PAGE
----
For course advice call 01536 413123

Former Student Becomes Sound Barrier Star


An inspirational former Tresham student, who has battled life-threatening illnesses, has been hailed a hearing hero for championing better rights for the deaf and hard of hearing.

Suzi Rees, 27, from Kettering, was struck with a rare form of cancer when she was only 19, which left her partially deaf and with a 40% chance of survival. During her treatment she was hit with a double blow when she contracted meningitis and lost what hearing she had left.

On Tuesday 21st August 2012, Suzi was crowned Specsavers Sound Barrier Star 2012 in recognition of her work to make adventure pursuits accessible not only to the deaf and hard of hearing, but people affected by disabilities of all sorts. Suzi was nominated for the award by her former Communications Support Worker, Katyana Morgan at Tresham.

Determined to carry on life as normal, Suzi enrolled on to the Access to Higher Education course at Tresham after being made redundant which allowed her to progress to university. Suzi had not enjoyed school but her experience at Tresham ignited her passion for learning and she began to apply herself and passed of the subjects with distinctions. Suzi progressed to enrol at Reading University, a step that helped her cope with her hearing loss the most.

At university, Suzi met people who were also deaf and met interpreters and saw how much support there was to fully integrate deaf people into anything they want. She began rock climbing and took herself out of her comfort zone which helped her to deal with everything and accept her disability.

Her activities whilst at university inspired Suzi to set up her own business, iDID Adventure, which specialises in transition and resilience programmes for people with acquired or long-standing disabilities and mental health issues. Recreational programmes are also offered to provide disabled people with the opportunity to try a range of extreme/adventure sports such as snow sports, rock climbing, surfing, activities that Suzi was once told she would be unable to take part in.

A once isolated Suzi says: ‘I was determined not to let being deaf stand in the way of a normal life. I was angry to be turned away from the pursuits I loved and could see no reason why I, or anyone else suffering a disability, should be completely excluded.’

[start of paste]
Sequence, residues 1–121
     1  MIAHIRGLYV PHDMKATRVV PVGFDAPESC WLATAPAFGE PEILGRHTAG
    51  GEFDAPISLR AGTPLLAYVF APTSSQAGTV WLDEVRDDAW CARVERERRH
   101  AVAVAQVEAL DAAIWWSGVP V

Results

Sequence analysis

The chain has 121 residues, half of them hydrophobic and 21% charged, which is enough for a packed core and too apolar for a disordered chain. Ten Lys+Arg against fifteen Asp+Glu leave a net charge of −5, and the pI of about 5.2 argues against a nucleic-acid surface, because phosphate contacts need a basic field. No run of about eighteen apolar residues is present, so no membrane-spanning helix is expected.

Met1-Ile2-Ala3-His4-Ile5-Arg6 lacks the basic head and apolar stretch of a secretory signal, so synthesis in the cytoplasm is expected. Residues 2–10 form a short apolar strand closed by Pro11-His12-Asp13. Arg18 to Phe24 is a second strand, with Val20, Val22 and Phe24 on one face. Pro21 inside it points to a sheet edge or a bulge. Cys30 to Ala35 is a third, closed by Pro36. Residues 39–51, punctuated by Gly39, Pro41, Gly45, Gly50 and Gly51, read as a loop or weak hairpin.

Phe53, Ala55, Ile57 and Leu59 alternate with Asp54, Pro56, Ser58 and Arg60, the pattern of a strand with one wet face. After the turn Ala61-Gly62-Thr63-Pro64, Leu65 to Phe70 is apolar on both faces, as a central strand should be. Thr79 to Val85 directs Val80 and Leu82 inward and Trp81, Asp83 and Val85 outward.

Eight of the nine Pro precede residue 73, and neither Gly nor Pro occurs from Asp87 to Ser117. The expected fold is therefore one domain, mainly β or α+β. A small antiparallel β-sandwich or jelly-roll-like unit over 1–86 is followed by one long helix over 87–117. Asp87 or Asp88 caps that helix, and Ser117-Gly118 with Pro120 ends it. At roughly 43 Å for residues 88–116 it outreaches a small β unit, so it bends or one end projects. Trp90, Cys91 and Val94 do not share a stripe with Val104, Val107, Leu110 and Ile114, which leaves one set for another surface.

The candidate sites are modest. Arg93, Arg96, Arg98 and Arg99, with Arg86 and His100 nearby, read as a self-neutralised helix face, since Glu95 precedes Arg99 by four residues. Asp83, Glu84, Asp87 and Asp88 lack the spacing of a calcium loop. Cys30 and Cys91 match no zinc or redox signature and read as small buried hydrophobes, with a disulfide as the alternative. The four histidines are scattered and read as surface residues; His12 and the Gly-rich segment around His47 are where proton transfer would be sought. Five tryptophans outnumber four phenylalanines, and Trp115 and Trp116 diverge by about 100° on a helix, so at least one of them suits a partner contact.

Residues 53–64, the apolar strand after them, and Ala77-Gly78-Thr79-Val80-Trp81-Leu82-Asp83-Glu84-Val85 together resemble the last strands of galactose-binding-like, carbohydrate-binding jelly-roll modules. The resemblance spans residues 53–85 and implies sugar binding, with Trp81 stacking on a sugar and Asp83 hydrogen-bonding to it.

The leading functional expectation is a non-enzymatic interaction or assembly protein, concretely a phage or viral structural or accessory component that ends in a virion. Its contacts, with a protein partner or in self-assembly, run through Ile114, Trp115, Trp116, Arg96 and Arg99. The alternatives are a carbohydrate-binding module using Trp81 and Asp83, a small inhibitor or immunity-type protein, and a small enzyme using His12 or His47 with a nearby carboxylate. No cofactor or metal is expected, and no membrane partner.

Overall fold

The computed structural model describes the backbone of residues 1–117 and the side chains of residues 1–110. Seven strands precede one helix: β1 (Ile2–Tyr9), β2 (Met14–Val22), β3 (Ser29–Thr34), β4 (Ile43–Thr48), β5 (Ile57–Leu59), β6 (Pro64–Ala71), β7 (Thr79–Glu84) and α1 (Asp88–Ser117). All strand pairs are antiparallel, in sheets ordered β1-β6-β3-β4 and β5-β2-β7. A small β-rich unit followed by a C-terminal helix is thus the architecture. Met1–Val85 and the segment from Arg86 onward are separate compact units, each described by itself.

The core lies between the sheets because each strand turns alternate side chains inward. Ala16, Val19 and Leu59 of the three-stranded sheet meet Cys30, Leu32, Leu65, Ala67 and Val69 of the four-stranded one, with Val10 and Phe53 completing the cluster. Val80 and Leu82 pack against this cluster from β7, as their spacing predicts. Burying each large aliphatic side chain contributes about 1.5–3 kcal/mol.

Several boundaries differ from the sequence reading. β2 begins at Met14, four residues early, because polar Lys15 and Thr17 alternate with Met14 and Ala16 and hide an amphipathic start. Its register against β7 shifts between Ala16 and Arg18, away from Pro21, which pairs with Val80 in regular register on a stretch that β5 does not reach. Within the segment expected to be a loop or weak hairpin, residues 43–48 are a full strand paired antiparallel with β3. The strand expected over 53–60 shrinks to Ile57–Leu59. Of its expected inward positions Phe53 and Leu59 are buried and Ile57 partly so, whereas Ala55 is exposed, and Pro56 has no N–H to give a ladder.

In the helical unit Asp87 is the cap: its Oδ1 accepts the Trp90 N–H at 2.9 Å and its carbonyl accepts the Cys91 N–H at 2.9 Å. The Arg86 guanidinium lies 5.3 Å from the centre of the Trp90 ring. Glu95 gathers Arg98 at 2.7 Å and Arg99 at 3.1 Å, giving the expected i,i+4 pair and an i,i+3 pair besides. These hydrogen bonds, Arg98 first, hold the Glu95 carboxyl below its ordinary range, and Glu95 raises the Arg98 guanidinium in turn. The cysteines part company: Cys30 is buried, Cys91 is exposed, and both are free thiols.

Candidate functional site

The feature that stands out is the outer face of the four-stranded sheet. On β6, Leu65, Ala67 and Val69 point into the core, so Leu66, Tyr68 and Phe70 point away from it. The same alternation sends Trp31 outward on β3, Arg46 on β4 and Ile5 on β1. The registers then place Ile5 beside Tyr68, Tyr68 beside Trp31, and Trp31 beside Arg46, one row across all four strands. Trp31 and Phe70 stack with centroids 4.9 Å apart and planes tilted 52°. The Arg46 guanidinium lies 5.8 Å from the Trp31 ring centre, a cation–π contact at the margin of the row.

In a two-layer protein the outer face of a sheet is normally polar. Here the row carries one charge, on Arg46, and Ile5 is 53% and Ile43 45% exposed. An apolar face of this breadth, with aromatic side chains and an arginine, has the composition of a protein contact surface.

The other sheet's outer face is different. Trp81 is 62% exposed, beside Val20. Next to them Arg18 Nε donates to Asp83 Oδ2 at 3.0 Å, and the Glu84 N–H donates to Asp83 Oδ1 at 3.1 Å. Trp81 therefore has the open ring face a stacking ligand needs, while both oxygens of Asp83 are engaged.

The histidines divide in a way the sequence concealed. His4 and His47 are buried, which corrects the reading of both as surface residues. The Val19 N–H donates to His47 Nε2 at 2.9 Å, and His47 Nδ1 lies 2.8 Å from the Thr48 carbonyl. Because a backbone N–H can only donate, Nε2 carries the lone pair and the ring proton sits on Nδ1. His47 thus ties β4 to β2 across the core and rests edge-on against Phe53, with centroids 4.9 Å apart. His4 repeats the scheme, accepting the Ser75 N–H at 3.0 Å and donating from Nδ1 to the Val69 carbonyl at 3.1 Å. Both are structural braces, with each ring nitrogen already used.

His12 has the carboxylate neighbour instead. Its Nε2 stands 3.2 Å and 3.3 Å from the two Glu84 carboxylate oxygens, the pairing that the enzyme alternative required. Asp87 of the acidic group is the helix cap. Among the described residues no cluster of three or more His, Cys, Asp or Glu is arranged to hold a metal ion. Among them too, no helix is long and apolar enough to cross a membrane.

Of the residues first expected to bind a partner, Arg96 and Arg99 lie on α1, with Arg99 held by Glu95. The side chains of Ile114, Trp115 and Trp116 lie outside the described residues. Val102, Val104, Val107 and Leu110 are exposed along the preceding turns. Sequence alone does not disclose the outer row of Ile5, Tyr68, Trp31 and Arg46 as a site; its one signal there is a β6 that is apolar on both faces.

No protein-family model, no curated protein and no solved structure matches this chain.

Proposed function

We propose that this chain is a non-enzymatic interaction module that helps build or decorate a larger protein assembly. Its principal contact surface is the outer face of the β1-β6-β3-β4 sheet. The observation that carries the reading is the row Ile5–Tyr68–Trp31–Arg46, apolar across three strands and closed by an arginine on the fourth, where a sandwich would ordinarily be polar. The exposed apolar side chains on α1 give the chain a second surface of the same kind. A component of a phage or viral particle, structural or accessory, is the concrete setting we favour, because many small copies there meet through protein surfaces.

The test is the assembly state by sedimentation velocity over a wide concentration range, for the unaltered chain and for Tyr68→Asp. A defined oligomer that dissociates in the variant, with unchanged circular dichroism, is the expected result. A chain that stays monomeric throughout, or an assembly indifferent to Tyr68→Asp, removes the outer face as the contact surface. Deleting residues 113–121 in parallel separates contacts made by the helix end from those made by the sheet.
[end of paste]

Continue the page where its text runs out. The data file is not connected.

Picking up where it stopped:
Suzi was presented with her award at the ceremony in London’s Savile Club, Mayfair, by Dallas star Charlene Tilton, who became a hearing ambassador for the awards after breaking the silence on her own hearing loss, which she has suffered with for more than four decades.

Charlene said: ‘Suzi is an incredible young woman who really is an inspiration to us all. What she has achieved is just amazing – it has been an honour being involved in these awards and Suzi is a deserving winner’.

Music-loving Suzi never imagined that in the space of eight years, she would be completely deaf, fighting for better rights for those who are hard of hearing while setting up her own business.

Suzi says: ‘After going through the shock of losing my hearing, it feels incredible to have won this award – particularly knowing the inspiring people I was up against. On my 23rd birthday all I wanted was to be able to hear again – it broke my heart and took me to a very dark and lonely place.
These awards just top off everything I’ve done over the past few years to come out fighting, and I feel truly honoured to have won.’

The awards, run by Specsavers in aid of Hearing Dogs for Deaf People, celebrate those in the deaf or hard of hearing community who have overcome the odds to achieve something incredible.

Back to news